nep-bec New Economics Papers
on Business Economics
Issue of 2017‒11‒26
eleven papers chosen by
Vasileios Bougioukos
Bangor University

  1. Managing the family firm: evidence from CEOs at work By Bandiera, Oriana; Prat, Andrea; Lemos, Renata; Sadun, Raffaella
  2. The interactive effects of venture cognitive logic and performance of Russian SMEs in uncertain environment By Shirokova, Galina V.; Laskovaia, Anastasiia
  3. The Role of Strategic Entrepreneurship in Performance of Russian SMEs during the Economic Crisis By Shirokova, Galina V.; Ivvonen, Liudmila; Gafforova, Elena
  4. The Diffusion of Knowledge via Managers’ Mobility By Giordano Mion; Luca David Opromolla; Alessandro Sforza
  5. Foreign acquisition and internal organization By Paulo Bastos; Natália P. Monteiro; Odd Rune Straume
  6. Social capital, trust, and firm performance: the value of corporate social responsibility during the financial crisis By Lins, Karl V.; Servaes, Henri; Tamayo, Ane
  7. Does the Adoption of Complex Software Impact Employment Composition and the Skill Content of Occupations? Evidence from Chilean Firms By Rita K. Almeida; Ana M. Fernandes; Mariana Viollaz
  8. The Life-Cycle Dynamics of Exporters and Multinational Firms By Anna Gumpert; Andreas Moxnes; Natalia Ramondo; Felix Tintelnot
  9. The Aggregate Implications of Innovative Investment in the Garcia-Macia, Hsieh, and Klenow Model By Ariel Burstein
  10. Capitalists in the 21st Century By Owen Zidar; Eric Zwick; Danny Yagan; Matthew Smith
  11. The same, only different: estimating the magnitude of bribery in business surveys By Frédéric LESNÉ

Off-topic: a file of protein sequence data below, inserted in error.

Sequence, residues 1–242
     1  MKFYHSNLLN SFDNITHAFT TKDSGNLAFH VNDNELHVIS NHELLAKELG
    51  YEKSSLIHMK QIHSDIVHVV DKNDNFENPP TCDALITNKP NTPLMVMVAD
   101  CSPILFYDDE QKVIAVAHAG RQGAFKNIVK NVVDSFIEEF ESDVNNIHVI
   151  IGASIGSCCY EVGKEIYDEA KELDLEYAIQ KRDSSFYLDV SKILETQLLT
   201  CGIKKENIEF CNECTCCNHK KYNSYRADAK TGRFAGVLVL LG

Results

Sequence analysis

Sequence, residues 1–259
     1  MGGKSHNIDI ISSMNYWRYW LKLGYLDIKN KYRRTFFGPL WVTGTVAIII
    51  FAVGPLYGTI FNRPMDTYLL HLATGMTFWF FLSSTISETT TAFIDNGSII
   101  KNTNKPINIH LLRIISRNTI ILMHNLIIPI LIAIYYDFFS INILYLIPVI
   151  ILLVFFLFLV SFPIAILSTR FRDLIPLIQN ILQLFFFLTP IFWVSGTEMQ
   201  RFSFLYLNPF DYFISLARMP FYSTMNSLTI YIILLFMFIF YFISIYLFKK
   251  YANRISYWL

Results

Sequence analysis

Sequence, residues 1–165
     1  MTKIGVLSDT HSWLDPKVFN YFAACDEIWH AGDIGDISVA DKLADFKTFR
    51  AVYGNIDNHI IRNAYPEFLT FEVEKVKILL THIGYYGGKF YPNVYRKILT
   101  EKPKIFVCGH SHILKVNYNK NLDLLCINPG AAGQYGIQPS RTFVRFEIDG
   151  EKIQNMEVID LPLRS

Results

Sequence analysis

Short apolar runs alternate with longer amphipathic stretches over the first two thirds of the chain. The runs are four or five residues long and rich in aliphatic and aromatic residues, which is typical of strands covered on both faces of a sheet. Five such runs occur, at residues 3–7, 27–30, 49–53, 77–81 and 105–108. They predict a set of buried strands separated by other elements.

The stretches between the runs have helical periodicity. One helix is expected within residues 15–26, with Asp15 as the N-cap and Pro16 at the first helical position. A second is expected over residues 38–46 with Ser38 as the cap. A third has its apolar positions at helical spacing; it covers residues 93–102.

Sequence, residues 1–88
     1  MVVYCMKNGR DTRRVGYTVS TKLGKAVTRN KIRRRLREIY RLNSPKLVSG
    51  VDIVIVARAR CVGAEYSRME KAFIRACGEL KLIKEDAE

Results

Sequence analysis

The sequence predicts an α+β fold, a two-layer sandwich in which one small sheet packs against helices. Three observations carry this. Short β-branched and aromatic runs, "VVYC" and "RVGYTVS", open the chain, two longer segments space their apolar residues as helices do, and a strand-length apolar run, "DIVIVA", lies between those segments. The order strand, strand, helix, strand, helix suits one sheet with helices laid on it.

1. By: Bandiera, Oriana; Prat, Andrea; Lemos, Renata; Sadun, Raffaella
    Abstract: We present evidence on the labor supply of CEOs, and on whether family and professional CEOs di↵er on this dimension. We do so through a new survey instrument that allows us to codify CEOs’ diaries in a detailed and comparable fashion, and to build a bottom-up measure of CEO labor supply. The comparison of 1,114 family and professional CEOs reveals that family CEOs work 9% fewer hours relative to professional CEOs. Hours worked are positively correlated with firm performance, and di↵erences between family and non-family CEOs account for approximately 18% of the performance gap between family and non-family firms. We investigate the sources of the di↵erences in CEO labor supply across governance types by exploiting firm and industry heterogeneity, and quasi-exogenous meteorological and sport events. The evidence suggests that family CEOs value–or can pursue–leisure activities relatively more than professional CEOs.
    JEL: J1
    Date: 2017–06–14
  2. By: Shirokova, Galina V.; Laskovaia, Anastasiia